The Stained Club is a short film about a group of kids who each have their own unique markings, which take the form of oddly-colored scrapes and wounds. They play together in a suburban junkyard of sorts, fashioning toys out of discarded objects. There is an underlying melancholy in these scenes, the source of which can be traced to a detached mother. When she fails to comfort the protagonist after a fight, his stains worsen. He learns how to solve his problems on his own, and gains a new kind of strength in the process.
Self-reliance is a powerful theme in this film. The protagonist, a mousy little boy with bushy brown hair, not only feeds and entertains himself but also narrates the film itself. He introduces his friends as if they were his prized possessions, careful to make note of their prominent traits and likable features. As a little kid would, he leaves out context or backstory. At first, it bothered me that I didn’t know where the parents were or how the kids keep getting their “stains,” but ambiguity is ultimately important here because it helps foster the feeling of wonder that happens in childhood.
Ambiguity is also one of the reasons why animation is such a successful medium for the film. We can’t be distracted by miscellaneous textures that might make their way into live-action. The Stained Club exists in a relatively barren world, fuzzy except for the parts that are in focus. The people are the most abstract element of this film, with dots for eyes and big round ears. We do not expect these unfamiliar albeit adorable creatures to act like real humans, so it’s okay that they don’t talk as much. The emotion is there, which is all we need.
In the moments where the little boy is not narrating, we get to experience life with him. We stare into a box of cereal from his point of view, then up at his hands as he lays on his bed. Loneliness sinks in. Moments like these are where the film is most powerful, especially when the boy is brave enough to approach his mother. She sits in an armchair amidst a collection of beer bottles, bony hand resting on the remote. We never see her face, just the little boy who continues to ask, “mama?” his eyes shaking with hope. Through masterful cinematography and suspense, this scene perfectly depicts how crushing it is to feel unloved by your mom, even for the littlest things. It’s also a nod to the mother’s pain, which explains his uninterrupted freedom.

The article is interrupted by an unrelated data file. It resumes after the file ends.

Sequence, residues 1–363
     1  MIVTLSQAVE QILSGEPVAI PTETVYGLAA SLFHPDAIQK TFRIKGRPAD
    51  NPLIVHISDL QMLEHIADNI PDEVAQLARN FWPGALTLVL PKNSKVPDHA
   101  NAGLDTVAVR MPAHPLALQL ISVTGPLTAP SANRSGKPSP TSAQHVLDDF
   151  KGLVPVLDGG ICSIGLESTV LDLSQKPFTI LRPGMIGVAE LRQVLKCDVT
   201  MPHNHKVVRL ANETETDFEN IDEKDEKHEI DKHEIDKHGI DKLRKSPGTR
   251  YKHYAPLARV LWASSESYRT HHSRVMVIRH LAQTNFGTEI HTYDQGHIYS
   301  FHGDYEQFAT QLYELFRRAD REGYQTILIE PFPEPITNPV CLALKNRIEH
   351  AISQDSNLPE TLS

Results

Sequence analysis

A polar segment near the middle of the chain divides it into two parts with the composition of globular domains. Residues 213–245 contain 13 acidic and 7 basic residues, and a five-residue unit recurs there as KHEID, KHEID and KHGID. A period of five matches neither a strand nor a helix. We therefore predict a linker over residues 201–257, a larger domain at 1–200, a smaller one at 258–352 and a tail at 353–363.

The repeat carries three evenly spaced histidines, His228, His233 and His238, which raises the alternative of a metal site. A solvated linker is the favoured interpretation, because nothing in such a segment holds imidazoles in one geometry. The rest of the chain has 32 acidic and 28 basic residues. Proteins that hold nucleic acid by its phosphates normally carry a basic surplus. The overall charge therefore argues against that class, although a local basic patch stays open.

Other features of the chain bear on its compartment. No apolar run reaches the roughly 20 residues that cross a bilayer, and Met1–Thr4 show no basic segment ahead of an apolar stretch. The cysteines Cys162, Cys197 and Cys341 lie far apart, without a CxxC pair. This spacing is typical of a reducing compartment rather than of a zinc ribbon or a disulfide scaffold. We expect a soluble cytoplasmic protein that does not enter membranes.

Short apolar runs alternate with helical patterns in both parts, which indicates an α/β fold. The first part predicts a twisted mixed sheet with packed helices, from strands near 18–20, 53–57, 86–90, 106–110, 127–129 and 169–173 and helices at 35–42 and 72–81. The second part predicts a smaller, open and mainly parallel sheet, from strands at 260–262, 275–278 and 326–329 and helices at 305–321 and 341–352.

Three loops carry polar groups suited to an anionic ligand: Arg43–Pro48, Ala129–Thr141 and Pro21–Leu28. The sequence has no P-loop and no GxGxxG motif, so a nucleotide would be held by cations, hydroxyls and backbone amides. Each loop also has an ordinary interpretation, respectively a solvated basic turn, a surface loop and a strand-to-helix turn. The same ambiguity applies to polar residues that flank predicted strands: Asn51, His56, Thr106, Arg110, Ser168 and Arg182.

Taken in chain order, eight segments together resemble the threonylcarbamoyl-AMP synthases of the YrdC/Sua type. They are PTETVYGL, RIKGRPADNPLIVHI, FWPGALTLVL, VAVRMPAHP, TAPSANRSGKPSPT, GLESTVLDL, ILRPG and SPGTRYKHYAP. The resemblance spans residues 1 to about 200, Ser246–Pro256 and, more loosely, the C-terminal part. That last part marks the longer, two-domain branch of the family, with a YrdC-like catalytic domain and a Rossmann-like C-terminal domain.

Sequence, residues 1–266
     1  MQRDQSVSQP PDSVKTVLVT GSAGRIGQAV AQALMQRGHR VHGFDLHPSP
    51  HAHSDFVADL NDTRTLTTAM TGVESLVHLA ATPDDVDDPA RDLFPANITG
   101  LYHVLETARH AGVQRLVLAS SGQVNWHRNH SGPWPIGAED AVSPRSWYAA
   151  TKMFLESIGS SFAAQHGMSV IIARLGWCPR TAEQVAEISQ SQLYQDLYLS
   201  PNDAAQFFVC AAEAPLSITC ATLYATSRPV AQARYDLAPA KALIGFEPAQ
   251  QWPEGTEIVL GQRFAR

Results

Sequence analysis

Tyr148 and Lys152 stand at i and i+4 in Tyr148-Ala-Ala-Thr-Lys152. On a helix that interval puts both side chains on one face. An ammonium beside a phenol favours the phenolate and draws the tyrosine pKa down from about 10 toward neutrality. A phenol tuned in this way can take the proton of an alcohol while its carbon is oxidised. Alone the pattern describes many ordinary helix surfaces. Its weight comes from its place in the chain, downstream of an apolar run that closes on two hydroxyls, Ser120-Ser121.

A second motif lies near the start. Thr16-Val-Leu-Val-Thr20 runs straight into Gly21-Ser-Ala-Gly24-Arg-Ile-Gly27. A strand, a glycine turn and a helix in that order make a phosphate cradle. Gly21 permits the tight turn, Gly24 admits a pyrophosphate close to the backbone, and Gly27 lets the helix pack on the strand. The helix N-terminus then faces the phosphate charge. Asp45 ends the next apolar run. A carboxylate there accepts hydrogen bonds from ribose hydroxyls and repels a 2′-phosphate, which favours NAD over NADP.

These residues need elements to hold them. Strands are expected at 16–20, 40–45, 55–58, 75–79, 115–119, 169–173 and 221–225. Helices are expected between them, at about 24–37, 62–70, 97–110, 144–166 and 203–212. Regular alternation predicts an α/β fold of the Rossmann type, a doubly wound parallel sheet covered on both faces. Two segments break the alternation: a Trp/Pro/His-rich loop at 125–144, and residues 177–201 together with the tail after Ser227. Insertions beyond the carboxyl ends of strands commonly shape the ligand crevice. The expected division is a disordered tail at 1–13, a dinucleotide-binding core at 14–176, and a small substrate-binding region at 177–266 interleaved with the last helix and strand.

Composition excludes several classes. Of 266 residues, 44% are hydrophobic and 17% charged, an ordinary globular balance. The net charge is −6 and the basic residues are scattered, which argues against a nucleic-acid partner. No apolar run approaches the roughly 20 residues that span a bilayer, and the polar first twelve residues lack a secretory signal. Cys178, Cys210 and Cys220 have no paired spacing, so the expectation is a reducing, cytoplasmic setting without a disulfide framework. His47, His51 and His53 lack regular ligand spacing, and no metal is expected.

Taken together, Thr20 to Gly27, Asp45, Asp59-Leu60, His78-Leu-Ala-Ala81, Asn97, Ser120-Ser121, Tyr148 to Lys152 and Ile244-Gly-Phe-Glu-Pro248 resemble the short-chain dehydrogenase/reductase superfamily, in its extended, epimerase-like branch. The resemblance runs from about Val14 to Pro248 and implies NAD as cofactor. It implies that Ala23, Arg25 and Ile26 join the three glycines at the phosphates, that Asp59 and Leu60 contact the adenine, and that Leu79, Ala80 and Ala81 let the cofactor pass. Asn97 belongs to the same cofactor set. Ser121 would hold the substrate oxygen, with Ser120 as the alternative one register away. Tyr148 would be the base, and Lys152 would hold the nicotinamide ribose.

While the animation quality is fantastic overall, my one complaint is in the modeling of Joshua’s inventions. They blend into the background and have a sharp, artificial appearance. I am not convinced they’re real and get a little anxious in scenes where the characters interact with his creations. The basketball, on the other hand, is very believable. This is possibly due to the bounce sound effect its paired with. Joshua’s inventions have a lighter sound, almost as if they’re made from tin cans. Maybe they should sound heavier?
Mechanics aside, I really appreciate what The Stained Club is doing. Rather than committing to a single plot like a number of other short films, which can sometimes feel as though the film is dragging through molasses, The Stained Club features a snapshot of several much larger plots. It’s exhilarating! Real-life is like this – not always linear. The film leaves some questions unanswered, particularly about the backstory of the other kids. Who is actually bullying them? Is it their parents, or other kids? I feel like a longer film would address these questions. Still, it gets the important stuff right. Big stuff, like how to love oneself and in turn love others. And, it’s well-animated. Watch it!